Sumter County

Lake PanasoffkeeThis is a 4,460-acre Fish Management Area located by the town of Lake Panasoffkee. Panasoffkee is unusual; a true spring-fed lake, water depths seldom exceed four feet. I-75 runs along the eastern edge and C.R. 470 along the southern and western shore. A public ramp is available on the Outlet River, west of the lake on C.R. 470.

For more information on fishing conditions you can contact the Pana Vista Lodge at 352-793-2061. For information on other fish camps in the area, please call our Ocala office at 352-732-1225.


Popular species:

Popular fish species

Fish graphics by Duane Raver, Jr.


TrophyCatchTrophyCatch Tracker

TrophyCatch External link is FWC's citizen-science program that rewards anglers for documenting and releasing trophy bass 8 pounds or larger. The following TrophyCatch bass have been submitted from Lake Panasoffkee:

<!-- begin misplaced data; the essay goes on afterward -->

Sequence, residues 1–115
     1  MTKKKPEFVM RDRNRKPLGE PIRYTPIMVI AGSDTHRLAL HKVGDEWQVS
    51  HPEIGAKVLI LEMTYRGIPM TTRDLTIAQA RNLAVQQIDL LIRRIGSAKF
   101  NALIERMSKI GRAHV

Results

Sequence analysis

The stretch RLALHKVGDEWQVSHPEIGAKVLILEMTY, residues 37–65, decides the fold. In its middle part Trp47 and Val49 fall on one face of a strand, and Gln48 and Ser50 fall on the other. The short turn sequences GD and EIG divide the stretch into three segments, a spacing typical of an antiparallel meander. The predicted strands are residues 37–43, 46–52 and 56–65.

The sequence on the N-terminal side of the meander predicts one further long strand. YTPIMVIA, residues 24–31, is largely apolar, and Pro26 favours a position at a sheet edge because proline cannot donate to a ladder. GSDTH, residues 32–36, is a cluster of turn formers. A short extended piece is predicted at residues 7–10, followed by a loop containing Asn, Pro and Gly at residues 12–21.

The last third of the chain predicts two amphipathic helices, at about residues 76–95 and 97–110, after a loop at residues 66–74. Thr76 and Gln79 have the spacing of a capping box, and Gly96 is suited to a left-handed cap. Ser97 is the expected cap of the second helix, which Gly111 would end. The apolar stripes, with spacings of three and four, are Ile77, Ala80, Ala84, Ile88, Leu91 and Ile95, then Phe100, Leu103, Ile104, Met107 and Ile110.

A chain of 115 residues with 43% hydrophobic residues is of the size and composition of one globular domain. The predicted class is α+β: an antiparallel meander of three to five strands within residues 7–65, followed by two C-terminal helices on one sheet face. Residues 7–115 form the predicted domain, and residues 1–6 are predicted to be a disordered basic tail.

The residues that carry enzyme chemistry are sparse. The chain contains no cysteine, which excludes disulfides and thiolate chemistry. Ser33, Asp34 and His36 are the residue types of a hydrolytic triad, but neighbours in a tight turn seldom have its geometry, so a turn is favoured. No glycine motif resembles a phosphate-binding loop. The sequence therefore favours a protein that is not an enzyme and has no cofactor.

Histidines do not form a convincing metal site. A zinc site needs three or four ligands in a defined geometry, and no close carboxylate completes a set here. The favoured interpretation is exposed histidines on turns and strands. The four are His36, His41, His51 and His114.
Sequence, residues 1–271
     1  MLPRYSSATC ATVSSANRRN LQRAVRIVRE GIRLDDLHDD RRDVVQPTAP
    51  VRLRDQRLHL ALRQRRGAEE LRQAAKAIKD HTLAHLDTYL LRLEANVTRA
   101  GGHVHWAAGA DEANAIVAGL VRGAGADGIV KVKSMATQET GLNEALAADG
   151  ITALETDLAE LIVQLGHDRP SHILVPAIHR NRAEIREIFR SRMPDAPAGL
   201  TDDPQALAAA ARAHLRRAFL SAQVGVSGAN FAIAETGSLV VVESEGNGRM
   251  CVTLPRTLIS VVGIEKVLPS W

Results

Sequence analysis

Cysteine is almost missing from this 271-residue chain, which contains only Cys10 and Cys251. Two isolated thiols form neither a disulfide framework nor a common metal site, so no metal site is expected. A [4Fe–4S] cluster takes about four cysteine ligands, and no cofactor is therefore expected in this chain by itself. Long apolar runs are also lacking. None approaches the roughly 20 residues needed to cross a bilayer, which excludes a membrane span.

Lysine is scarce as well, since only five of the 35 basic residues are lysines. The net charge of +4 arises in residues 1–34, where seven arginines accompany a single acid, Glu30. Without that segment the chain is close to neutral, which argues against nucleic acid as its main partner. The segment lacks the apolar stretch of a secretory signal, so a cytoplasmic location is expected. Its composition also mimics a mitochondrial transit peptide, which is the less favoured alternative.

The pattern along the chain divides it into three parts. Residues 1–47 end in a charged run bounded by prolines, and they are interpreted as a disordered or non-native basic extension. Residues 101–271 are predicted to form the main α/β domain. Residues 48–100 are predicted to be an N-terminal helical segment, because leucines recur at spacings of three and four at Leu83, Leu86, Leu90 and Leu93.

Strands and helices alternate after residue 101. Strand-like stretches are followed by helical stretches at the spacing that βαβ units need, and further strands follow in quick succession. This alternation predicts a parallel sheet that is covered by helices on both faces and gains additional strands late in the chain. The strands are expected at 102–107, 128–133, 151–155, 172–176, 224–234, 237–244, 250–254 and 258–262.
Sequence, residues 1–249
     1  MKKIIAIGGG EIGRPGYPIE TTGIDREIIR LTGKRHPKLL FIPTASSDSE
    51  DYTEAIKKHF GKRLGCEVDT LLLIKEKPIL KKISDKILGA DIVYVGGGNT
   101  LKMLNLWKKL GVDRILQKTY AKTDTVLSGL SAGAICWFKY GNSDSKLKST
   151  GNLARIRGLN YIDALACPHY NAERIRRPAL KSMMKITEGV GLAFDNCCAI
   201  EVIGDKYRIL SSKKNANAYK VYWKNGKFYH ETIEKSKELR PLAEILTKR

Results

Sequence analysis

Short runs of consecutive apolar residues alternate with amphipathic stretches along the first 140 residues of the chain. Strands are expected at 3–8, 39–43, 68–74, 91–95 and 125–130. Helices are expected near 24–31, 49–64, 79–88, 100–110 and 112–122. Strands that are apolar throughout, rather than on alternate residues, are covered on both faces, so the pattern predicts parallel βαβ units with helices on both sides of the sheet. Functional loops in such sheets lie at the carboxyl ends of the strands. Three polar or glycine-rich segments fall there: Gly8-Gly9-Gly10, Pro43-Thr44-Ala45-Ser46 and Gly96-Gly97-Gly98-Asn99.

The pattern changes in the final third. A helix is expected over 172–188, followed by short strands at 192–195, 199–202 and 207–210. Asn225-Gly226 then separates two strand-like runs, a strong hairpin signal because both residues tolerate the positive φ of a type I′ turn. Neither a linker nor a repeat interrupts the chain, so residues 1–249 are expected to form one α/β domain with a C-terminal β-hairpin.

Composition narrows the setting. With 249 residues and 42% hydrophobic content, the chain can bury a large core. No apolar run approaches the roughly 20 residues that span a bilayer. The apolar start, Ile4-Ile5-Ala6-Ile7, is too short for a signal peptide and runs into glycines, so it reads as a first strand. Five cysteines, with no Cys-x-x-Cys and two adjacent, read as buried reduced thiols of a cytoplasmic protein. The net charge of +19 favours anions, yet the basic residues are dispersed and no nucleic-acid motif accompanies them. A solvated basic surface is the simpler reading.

Lunker Club (8 – 9.9 pounds): 23

Trophy Club (10 – 12.9 pounds): 1


Current Forecast:

Lake Panasoffkee has been famed for excellent bluegill and redear sunfish (shellcracker) fishing for many years. Summer is a good time to catch bluegill on Lake Panasoffkee. Sight fishing is the best way to locate beds. Once beds are located, it is best to anchor just off of them so that you don’t spook the fish. Fishing on bottom with a worm works well. Bass fishing on Lake Panasoffkee is tough in the hot summer months. Fishing in the eelgrass in open holes with soft plastics usually produces bass. Fishing in the deepest holes you can find is a good bet. Remember to cast long distances, because the bass spook easily in the clear water. Local fishermen like to use white or watermelon colored baits. The lake is experiencing very low water levels and large amounts of submersed vegetation, so use caution when navigating the lake. FWC biologists are working with SW Florida Water Management to open trails through the vegetation on the lake to provide better access.


FWC Facts:
When baby sharks are born, they swim away from their mothers right away and are on their own. In fact, their mothers might see them as prey.

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